Noting that transformation isn’t to say that all of the students liked Scrabble. Some clearly didn’t. But even the students who agreed that “Scrabble, to put it bluntly, is a lousy game” (Kay C5) seemed to appreciate the opportunity to earn credit for an activity that didn’t seem dull or menial. And their other work in the classroom began to seem less arduous to them. Perhaps they didn’t mind reading and writing as much when they knew more Wordplay Days were still to come. Or perhaps they began to make connections between their book work and board play as they increased their word power and became more sophisticated strategists.

One of the first reading assignments that followed the inaugural Wordplay Day focused on games—not board games but electronic ones. When my students and I read portions of Sam Anderson’s “Just One More Game . . .” in class, I was struck by his reference to Jane McGonigal. Anderson notes that “[i]n her book Reality is Broken, Jane McGonigal argues that play is possibly the best, healthiest, most productive activity a human can undertake—a gateway to our ideal psychological state” (108). What I witnessed when my students played Scrabble seemed to attest to that. But McGonigal, I later learned, is a video game designer. My awareness of the research that links screen time with increased anxiety, depression, and sleep deprivation (Twenge par. 43) makes the notion of video games as a “gateway to our ideal psychological state” (Anderson 108) seem perverse.

That said, I am not opposed to electronic versions of Scrabble and similar word games, such as Words with Friends. But replacing board-game Scrabble with its digital counterpart—or with another video game, or smartphone app—would be contrary to my aim of limiting students’ screen time. And bearing in mind the research, I believe there’s a critical need to repeat this unpopular line at the beginning of class: “Your digital devices should be tucked away.”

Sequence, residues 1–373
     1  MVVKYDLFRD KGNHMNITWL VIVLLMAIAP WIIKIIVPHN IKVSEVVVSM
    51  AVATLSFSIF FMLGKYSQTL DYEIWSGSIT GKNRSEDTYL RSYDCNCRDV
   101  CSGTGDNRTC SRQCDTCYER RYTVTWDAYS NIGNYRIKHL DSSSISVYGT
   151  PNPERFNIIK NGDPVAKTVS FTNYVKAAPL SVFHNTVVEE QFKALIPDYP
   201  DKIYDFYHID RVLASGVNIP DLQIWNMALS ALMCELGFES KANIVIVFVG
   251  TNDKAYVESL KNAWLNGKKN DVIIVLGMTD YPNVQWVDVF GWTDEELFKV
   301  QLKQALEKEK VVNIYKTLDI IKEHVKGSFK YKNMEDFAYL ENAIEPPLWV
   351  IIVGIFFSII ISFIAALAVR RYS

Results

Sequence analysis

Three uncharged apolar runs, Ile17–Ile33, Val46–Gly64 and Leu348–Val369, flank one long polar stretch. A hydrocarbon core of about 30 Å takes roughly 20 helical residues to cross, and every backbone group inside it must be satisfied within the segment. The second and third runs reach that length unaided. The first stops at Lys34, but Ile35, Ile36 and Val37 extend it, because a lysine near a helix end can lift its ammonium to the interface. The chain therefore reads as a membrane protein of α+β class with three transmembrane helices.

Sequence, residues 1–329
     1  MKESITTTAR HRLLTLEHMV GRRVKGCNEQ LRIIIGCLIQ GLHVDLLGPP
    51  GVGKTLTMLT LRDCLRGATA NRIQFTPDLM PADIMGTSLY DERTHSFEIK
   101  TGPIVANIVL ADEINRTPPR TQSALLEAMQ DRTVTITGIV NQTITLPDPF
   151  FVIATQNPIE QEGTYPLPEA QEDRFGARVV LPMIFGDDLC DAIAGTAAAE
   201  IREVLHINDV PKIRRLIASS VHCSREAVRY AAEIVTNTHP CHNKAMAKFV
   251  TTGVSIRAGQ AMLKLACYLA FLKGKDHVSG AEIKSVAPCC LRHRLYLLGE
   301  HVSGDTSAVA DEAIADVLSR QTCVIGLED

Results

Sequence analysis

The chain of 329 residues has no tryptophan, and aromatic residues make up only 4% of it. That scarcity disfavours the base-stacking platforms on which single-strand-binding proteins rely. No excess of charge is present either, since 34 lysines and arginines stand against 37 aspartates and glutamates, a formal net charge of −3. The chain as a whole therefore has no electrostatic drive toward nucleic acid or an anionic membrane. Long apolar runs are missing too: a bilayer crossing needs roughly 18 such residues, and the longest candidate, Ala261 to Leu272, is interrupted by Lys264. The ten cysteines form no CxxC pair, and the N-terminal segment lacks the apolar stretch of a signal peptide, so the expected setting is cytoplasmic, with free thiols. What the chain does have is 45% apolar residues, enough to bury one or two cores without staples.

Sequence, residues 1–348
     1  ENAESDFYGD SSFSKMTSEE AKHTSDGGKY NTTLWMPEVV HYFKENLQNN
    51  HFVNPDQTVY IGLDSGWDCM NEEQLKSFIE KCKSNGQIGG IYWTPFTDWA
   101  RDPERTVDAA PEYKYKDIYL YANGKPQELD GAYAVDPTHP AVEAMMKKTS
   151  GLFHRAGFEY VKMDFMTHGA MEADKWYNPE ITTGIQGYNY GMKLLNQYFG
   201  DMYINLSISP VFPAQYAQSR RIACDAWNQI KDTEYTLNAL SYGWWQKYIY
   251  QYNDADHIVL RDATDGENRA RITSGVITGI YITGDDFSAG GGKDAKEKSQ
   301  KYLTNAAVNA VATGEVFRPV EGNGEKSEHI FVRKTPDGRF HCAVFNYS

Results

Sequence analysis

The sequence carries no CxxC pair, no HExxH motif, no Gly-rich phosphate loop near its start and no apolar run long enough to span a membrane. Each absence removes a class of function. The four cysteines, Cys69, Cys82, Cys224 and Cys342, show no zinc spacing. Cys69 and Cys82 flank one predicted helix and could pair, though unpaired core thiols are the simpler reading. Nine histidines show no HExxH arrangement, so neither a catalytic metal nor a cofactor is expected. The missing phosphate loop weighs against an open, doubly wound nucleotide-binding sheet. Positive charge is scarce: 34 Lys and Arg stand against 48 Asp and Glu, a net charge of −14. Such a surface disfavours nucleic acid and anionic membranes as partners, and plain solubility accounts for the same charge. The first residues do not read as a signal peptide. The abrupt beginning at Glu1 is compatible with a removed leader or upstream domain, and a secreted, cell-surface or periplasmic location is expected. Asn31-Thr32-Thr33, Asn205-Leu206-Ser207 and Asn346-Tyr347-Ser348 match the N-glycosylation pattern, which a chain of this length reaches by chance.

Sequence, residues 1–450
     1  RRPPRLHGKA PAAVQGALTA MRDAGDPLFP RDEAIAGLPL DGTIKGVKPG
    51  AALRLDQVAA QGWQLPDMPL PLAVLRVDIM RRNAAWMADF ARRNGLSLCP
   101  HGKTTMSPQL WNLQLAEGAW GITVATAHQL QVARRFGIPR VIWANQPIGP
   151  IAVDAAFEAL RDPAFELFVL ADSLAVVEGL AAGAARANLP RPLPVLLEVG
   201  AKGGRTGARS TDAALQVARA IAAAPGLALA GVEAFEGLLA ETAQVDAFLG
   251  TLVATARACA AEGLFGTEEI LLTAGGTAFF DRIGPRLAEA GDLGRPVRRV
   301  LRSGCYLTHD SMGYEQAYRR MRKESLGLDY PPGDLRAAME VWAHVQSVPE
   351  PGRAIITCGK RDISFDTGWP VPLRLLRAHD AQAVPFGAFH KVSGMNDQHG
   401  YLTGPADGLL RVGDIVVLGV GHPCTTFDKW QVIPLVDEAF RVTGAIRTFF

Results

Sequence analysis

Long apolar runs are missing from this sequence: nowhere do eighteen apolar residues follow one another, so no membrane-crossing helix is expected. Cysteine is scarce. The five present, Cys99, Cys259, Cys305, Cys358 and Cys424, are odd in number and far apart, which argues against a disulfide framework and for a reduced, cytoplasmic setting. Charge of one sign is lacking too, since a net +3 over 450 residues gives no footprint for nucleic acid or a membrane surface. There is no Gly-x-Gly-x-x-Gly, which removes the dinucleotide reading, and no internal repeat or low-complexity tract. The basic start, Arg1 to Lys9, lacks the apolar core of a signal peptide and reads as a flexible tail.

As the semester progressed, fewer students were staring at screens when I entered the classroom, and rarely—and in some classes never—did I find myself asking a student to put away a phone during a Scrabble game.

About a month before the semester’s end, on a day when the students enjoyed a scheduled break from classes, our school’s administrators, faculty, and staff were on hand for an event called the Tenth-Grade Extravaganza, which brings more than one-thousand high school students to our campus to learn about the college.

Late in the day, one of the campus administrators shepherded the last tour group to the Blackbox Theatre, where I was assisting the theatre professor and her student volunteers. The last portion of the Theatre Department’s tour took place in the costume area, where we had set up a station for selfies and group photos. On a table nearby, we’d placed hats and various props for students to pose with. As the students fiddled with the hats and props, trying one, then another, their shepherd-administrator nudged me and said: “That girl over there has looked sad throughout the tour, but when she put that sock puppet on her arm, her face lit up with joy.” When I turned and saw that tenth-grader’s joyful face, she became one of my own students who had transformed before my eyes. The sock puppet was her Scrabble.

My return this semester to public higher education marked my first experience with lockdown drills. While they are new to me, most of my students’ years in school have long been disrupted by periodic exercises in avoiding slaughter. Witnessing how quickly they sprang into action, how the protocol was second nature to them, was heartbreaking. As I crouched with them in the corner, I thought of how now, more than ever, classrooms need to provide our students with a gateway out of the darkness and into joy.

Works Cited

Anderson, Sam. “Just One More Game . . . : Angry Birds, Farmville, and Other Hyperaddictive Stupid Games.” The Norton Field Guide to Writing with Readings and Handbook. 4th ed., by Richard Bullock, Maureen Daly Goggin, and Francine Weinberg. Norton, 2016, pp. 105-110.

Kay, Jonathan. Review. “Scrabble is a Lousy Game.” The Wall Street Journal, 6-7 Oct. 2018, C.5.

Twenge, Jean. “Have Smartphones Destroyed a Generation?” The Atlantic, https://www.theatlantic.com/magazine/archive/2017/09/has-the-smartphone-destroyed-a-generation/534198/Sept. 2017, Accessed 28 Aug. 2018.